Construction is expected to begin by year's end on a controversial apartment development near the Ben Sawyer Bridge in Mount Pleasant that narrowly won approval after a late-night vote in 2017 dubbed the "midnight massacre" by project opponents.
The town blocked the proposal in 2015, leading to a lawsuit that was settled out of court two years later after a marathon Town Council meeting.
The 224-unit Atlantic Beach House will rise on Ben Sawyer Boulevard where the former WCIV-TV station once operated near the marsh. Construction is expected to take two years.
Middle Street Partners bought the nearly 15-acre site in mid-November from Pritchard Real Estate Investors for $8.4 million, according to Adam Monroe, co-owner of the development company.
"We are looking forward to building a first-class development that will be one of the premier multifamily projects in the Southeast," Monroe said. "I'm glad to get through all of the hurdles, and I think everybody is going to be happy with the end result."
Opponents of the project, including Mount Pleasant Mayor Will Haynie, rejected the settlement and the scaled-down project because they wanted to continue moving forward with a legal battle.
As part of the settlement, plans for a restaurant, a fourth apartment building and 22 additional apartment units were dropped, 1 acre of high ground at the site will become a park with a marsh trail, all buildings will be no more than 45 feet tall, and developers agreed to dismiss the lawsuit.
No money changed hands.
The mayor, who leads an anti-development alliance in the state's fourth-largest municipality of roughly 90,000 people, has not lost his angst over the development.
"I think it's very unfortunate," Haynie said this week. "That type of development is inconsistent with what the town's vision for that area was supposed to be. That's kind of a step-down area, and apartments should not be at that entrance to the town."
The long saga for the proposed development began in 2015, when Mount Pleasant Town Council killed a plan for 246 apartments and retail space by refusing to approve the project’s impact statement, although the development met zoning requirements and the developers agreed to roadwork that engineers said would improve traffic. The town then changed its zoning regulations in ways that prevented the project from being resubmitted.
Middle Street Partners sued, seeking more than $6.2 million plus punitive damages, and demanded that the apartment project be approved. The lawsuit was later amended to include a claim that officials conspired to block the development because they wanted the property for a town park.
Among the town's chief concerns in rejecting the project was traffic mitigation and development on 8 acres of high ground along Ben Sawyer Boulevard next to the marsh, where the causeway to Sullivan’s Island begins. Many know the place as the old Channel 4 property.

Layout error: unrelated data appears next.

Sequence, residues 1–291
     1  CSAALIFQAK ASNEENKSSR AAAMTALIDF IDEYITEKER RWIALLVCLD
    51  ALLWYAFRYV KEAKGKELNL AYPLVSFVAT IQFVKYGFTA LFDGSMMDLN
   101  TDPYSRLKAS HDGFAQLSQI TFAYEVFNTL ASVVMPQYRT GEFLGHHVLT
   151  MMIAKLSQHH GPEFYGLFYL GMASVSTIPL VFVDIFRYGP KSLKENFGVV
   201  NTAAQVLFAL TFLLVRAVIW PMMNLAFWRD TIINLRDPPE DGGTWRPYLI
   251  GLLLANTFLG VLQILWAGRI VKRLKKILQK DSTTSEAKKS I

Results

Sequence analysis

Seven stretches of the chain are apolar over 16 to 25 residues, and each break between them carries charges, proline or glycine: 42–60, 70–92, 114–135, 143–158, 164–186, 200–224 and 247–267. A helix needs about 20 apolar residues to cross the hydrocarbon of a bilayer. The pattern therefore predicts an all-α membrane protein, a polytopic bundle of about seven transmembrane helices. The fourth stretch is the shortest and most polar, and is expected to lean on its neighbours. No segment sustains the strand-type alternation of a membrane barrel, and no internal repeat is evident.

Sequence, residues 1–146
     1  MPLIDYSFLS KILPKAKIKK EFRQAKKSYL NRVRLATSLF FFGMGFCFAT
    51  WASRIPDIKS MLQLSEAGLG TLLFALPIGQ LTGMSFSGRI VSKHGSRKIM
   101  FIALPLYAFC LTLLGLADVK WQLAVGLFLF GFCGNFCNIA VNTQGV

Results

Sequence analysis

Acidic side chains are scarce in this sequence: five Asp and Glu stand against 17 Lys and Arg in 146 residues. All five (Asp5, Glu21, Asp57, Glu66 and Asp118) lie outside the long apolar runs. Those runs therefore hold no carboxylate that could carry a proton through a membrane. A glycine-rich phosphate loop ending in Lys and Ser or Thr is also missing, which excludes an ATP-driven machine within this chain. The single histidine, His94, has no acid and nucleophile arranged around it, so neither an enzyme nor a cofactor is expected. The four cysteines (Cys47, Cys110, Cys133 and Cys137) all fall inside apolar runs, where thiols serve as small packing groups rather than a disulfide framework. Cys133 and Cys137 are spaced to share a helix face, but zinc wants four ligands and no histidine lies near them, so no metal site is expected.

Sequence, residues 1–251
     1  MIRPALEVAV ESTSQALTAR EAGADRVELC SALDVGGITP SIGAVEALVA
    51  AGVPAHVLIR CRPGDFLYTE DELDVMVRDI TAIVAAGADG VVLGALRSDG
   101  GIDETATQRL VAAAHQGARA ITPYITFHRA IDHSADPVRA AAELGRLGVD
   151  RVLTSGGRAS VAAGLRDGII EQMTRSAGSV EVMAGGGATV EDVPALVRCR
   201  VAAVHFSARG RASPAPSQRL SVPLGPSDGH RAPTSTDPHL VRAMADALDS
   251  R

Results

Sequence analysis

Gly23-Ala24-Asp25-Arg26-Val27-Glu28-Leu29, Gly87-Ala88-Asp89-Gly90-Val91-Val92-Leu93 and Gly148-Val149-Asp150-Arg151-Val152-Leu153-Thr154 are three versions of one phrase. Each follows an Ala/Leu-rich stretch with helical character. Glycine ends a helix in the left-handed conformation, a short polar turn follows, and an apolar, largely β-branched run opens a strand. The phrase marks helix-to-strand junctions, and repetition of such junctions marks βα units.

As part of the settlement, the project could not proceed until at least March 2019 because of a two-year moratorium on apartment construction in place at the time. The town later extended the moratorium for another two years, but the Atlantic apartment development was able to move forward when the first moratorium expired, according to the mayor.
The developer also received a $375,000 reduction in impact fees, due to scaled-back construction plans, but will likely end up paying higher impact fees than under the original plans because the town has significantly increased those fees since then.
The Atlantic originally was to include 310 apartments, a parking garage and 14,000 square feet of retail space.
The new development will rise three stories above parking in three buildings and include a clubhouse.
When completed in late 2021, the complex will offer studio to three-bedroom units ranging from 550 square feet to 1,600 square feet. Rental rates will run from about $1,500 a month to roughly $2,600 a month, depending on the unit size, according to Monroe.
Middle Street Partners has developed several other apartment projects throughout the Charleston area, including the 202-unit Atlantic on the Avenue and 280-unit Atlantic on the Boulevard, both on Rivers Avenue in North Charleston; and the 316-unit Atlantic at Grand Oaks off Bees Ferry Road in West Ashley.
Middle Street also is building the 276-unit Foundry Point off Morrison Drive on Charleston's upper peninsula and is expected to start construction by the spring on the 260-unit Atlantic 55 Apartments on Romney Street, not far from Foundry Point. It's also building another Atlantic project off U.S. 17-A in Berkeley County near Summerville with 227 units. It's expected to break ground by year's end.
Live Oak Contracting of Jacksonville is the general contractor for the project.
It is constructing the 286-unit McKewn Apartments off Patriot Boulevard in North Charleston, the 273-unit Avalon Apartments on Maybank Highway on James Island, the 51-unit 655 East Bay Street Apartments near the Cigar Factory on the Charleston peninsula and the 195-unit Floyd Drive Apartments off Bees Ferry Road near West Ashley High School in West Ashley.
The contractor has constructed several other projects throughout the Charleston region.